A remarkable exploration of sensorial experience is taken up in the biotic, undulating ceramic sculpture of James Kemp. In his work, Kemp privileges a connection to natural materials and processes in a way that fetishizes the unashamedly organic. His sculptures twist and turn, unsure of themselves as they take on new characteristics from different perspectives. They engage through their unpredictability, as surface and shape compete for attention. Kemp’s thoughtfully applied textures result in surfaces that are spackled, gouged, and impressed with bite marks and crevices which act as evidence of the artist’s hand. The marks provide onlookers with a moment of recognition and uneasy attraction, and incite the instinctual need to understand through touch. The wrinkles and folds in his materials are at once familiar and unidentifiable, and the sculptures, more akin to rolling flesh, are haphazardly stacked or warped into impossible shapes. The discomfort provoked by Kemp’s pieces seems to reveal the extent to which we are repelled by a close encounter with the organic or instinctual, being more accustomed to the processed and aseptic.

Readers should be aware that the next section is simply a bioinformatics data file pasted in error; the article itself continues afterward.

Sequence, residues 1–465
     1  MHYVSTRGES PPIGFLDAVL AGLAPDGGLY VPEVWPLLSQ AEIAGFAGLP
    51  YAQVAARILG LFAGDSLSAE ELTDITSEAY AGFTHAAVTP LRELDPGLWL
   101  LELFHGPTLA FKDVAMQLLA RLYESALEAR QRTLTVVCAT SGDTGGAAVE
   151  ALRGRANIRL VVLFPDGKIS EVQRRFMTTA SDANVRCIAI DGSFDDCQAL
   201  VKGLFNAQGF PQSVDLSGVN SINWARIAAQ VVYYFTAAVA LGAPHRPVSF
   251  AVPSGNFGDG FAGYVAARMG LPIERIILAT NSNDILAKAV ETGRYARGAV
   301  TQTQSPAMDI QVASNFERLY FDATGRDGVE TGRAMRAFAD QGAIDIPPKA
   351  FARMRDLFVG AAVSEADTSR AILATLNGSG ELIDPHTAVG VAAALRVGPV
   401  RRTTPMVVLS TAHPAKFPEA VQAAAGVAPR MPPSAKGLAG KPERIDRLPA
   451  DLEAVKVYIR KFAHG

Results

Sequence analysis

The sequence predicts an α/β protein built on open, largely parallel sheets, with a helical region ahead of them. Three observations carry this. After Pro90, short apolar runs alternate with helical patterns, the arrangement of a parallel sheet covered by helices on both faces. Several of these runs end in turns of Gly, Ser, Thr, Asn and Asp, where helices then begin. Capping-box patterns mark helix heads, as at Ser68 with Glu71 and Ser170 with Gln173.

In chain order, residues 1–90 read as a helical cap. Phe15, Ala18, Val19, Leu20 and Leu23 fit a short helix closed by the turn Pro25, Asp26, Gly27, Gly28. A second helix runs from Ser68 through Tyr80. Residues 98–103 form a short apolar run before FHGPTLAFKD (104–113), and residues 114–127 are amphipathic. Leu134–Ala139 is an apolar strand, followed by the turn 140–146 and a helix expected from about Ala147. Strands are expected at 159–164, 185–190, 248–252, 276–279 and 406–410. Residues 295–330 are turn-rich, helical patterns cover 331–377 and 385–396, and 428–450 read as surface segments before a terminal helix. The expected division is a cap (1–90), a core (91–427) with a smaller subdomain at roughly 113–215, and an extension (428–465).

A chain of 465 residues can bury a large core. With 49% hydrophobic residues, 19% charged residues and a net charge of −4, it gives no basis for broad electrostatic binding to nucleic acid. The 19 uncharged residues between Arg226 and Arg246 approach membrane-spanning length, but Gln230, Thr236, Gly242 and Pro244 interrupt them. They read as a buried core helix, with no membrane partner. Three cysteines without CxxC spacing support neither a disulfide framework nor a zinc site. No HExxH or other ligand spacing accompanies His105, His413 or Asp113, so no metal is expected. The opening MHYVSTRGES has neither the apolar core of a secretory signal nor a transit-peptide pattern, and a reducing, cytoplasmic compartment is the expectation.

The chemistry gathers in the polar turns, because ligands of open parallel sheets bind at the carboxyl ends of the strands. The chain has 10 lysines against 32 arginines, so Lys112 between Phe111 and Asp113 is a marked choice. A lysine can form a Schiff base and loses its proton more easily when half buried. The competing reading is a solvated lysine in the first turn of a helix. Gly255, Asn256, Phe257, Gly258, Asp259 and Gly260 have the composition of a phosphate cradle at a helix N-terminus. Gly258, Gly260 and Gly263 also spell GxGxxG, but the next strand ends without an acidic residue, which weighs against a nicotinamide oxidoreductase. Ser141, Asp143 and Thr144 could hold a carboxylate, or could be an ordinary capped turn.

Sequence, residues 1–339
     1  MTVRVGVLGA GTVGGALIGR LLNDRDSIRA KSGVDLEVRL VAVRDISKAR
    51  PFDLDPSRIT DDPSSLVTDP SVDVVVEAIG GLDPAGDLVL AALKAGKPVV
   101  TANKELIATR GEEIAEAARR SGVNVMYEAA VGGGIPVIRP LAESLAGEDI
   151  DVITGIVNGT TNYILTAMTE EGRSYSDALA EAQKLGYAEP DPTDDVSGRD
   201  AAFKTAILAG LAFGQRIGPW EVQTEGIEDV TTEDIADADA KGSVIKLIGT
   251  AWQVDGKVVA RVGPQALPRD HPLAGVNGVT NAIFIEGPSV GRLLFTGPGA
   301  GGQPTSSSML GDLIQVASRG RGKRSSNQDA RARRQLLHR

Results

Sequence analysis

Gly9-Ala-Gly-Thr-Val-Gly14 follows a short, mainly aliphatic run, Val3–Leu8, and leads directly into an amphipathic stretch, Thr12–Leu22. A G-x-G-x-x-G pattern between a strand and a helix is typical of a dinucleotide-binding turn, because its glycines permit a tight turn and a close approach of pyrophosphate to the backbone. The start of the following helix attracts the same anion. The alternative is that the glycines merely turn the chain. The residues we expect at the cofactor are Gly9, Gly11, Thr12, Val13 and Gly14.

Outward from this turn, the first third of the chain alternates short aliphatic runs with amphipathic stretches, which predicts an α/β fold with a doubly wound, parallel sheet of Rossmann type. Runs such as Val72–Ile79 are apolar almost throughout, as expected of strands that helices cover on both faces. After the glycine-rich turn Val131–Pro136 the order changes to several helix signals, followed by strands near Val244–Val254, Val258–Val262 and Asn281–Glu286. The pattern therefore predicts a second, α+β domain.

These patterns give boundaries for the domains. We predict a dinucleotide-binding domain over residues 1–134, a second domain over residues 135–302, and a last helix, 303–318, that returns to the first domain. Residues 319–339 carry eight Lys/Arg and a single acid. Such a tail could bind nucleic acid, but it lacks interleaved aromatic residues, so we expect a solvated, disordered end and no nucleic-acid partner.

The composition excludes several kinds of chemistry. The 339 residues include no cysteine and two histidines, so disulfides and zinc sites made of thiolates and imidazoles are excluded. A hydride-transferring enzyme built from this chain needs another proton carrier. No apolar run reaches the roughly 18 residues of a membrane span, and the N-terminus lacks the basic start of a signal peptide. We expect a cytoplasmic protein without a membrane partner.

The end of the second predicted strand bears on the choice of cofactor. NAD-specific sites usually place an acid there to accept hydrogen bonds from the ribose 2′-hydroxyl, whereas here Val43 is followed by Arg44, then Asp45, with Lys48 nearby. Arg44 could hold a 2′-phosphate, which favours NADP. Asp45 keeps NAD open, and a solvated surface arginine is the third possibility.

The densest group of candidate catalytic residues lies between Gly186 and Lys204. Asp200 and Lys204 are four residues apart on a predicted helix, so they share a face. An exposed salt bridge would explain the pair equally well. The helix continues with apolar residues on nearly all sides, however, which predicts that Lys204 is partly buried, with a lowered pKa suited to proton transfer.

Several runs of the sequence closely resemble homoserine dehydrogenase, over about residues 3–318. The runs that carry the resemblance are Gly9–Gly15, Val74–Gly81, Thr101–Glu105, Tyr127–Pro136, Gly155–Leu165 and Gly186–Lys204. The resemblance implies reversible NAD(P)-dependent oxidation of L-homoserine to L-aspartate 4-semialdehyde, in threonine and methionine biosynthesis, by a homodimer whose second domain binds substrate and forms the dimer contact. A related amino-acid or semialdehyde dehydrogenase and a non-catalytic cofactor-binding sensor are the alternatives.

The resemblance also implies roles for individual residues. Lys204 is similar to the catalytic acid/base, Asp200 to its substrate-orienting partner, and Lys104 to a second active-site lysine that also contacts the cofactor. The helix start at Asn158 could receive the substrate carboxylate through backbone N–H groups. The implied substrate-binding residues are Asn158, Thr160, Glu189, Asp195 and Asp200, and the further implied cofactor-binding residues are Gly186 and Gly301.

Kemp, a graduate from Emily Carr University of Art and Design and winner of the 2012 Circle Craft Graduation Award, has recently completed his term as Artist in Residence at the Port Moody Arts Centre. Kemp has been an artist assistant for David Robinson and Liz Magor, the latter with whom he has worked to develop public artwork for the Surrey Museum and a recent exhibition at Catriona Jeffries Gallery, among other projects. A number of Kemp’s works have joined the permanent collection at the Genesee Center for the Arts in Rochester, New York, where he exhibited in 2013. He has participated in group and solo shows throughout the Lower Mainland and in Montreal, and was a nominee for the 2012 BMO 1st Art! Award.